Country and Port Information
Country and Port Information
Agriculture is the mainstay of Pakistan's economy, employing almost 50% of the population. Wheat, rice, cotton, sugarcane, and tobacco are the chief crops, and cattle and sheep are raised. Most of Pakistan's agricultural output comes from the Indus basin. The country is now self-sufficient in food, as vast irrigation schemes have extended farming into arid areas, and fertilizers and new varieties of crops have increased yields. Pakistan's industrial base is able to supply many of the country's needs in consumer goods, although production has slowed in recent years. The country's natural resources provide materials for such industries as textile production (the biggest earner of foreign exchange), oil refining, metal processing, and cement and fertilizer production. Remittances from Pakistanis working abroad constitute the second largest source of foreign exchange. Since the mid-1950s electric power output has greatly increased, mainly because of the development of hydroelectric power potential and the use of thermal power plants. Pakistan's chief imports are petroleum, machinery, transport equipment, chemicals and edible fats and oils. The chief trading partners are the European Union nations, the United States, Japan, and China. In 2002, Pakistan has restored good relations with most of the international financial institutions and had managed to greatly improve its fiscal and foreign exchange situation.
Map of Karachi with links to Terminal and Port Authority web sites
General Comments and Background on the Ports of Karachi
Firstly, there are two ports in Karachi. One is Karachi Port, sometimes known as Karachi Port Trust (KPT), Karachi (Old Port) or Keamari. Our Principals mostly utilize Karachi Port.The other port is Port Mohommad Bin Qasim, otherwise known as Port Qasim.Karachi Port has two integrated container terminals and some conventional berths while Port Qasim has one integrated container terminal.Karachi Port has Karachi International Container Terminal (KICT) which is a Hutchinson owned terminal. This terminal is located on the West Wharf of Karachi. This is important as moving cargo from East Wharf to West Wharf is not easy. KICT caters to main line operators and most of the feeder operators call East Wharf where they have to use their ship’s gear or the mobile cranes. East Wharf also has a container terminal called PICT which is run by a local company.Port Qasim is located at a distance of 50km from Karachi City Center and 15 km from National Highway. Qasim International Container Terminal (QICT) is located in Port Qasim and handles 100% of the containerized cargo for that port. It is owned by P+O Ports (now DPW), Maersk Line and the Mega-In Group.There are three off dock bonded CFS warehouses which are authorized by the government. Two are located near Karachi port and one near Port Qasim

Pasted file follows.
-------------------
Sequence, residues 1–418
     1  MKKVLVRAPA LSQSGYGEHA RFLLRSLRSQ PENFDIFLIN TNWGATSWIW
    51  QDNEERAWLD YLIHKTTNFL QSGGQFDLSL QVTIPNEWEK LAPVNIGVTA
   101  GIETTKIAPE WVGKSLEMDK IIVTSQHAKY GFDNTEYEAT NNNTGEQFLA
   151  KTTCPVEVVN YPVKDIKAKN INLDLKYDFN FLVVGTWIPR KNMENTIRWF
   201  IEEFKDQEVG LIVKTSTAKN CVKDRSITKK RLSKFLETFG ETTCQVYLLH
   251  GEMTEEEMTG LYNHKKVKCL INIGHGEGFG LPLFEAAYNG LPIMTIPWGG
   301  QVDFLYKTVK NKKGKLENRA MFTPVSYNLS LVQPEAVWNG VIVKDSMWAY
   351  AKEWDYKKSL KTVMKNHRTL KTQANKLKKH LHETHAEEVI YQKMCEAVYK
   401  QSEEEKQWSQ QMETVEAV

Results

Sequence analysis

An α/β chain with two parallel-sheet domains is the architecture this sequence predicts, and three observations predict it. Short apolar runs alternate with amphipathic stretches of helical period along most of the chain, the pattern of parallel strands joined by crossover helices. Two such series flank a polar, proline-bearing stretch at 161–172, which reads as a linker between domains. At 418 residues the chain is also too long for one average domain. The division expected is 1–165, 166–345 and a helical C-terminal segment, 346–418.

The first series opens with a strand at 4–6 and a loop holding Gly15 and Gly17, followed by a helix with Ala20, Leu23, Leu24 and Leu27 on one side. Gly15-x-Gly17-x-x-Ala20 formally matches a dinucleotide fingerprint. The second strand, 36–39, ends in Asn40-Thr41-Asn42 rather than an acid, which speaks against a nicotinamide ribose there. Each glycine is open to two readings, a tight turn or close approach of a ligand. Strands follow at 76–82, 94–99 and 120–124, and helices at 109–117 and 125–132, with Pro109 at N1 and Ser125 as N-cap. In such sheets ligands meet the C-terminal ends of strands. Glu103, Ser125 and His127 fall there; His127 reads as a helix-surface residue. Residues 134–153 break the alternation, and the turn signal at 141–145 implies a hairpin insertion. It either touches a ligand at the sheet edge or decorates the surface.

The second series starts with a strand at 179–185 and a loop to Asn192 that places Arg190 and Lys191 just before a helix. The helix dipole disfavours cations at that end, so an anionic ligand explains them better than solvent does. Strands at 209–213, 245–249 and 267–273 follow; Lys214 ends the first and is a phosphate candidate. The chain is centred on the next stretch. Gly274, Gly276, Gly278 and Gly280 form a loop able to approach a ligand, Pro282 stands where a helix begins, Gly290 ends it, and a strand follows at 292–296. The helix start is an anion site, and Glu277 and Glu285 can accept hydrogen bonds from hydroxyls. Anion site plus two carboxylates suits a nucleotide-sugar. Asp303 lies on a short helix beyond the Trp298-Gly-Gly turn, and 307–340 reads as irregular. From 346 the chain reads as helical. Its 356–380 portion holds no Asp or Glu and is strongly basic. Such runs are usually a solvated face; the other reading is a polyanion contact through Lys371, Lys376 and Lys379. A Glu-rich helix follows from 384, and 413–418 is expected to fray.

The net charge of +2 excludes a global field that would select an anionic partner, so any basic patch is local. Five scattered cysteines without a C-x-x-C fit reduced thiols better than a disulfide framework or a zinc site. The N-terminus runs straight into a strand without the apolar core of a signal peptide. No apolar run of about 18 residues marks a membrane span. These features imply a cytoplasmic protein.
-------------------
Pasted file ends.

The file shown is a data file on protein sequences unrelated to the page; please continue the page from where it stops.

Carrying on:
In general Karachi Port’s East Wharf is the least productive and inefficient of all three. But, as Karachi importers and exporters find it cheaper to use, the trade maintains a favourable view of it.The second most favourable place is KICT, which is also close to Karachi, but unlike east wharf is productive and efficient. Lastly, QICT, is far from Karachi and has similar charges to most Container Terminals. Some industries located in Qasim Industrial Area like it for proximity, and some industries in Northern Pakistan also avoid certain excise taxes if they do not transit through Karachi City.
KICT Website – http://www.kictl.com/
PICT Website – http://www.kpt.gov.pk/
QICT Website – http://www.qict.net/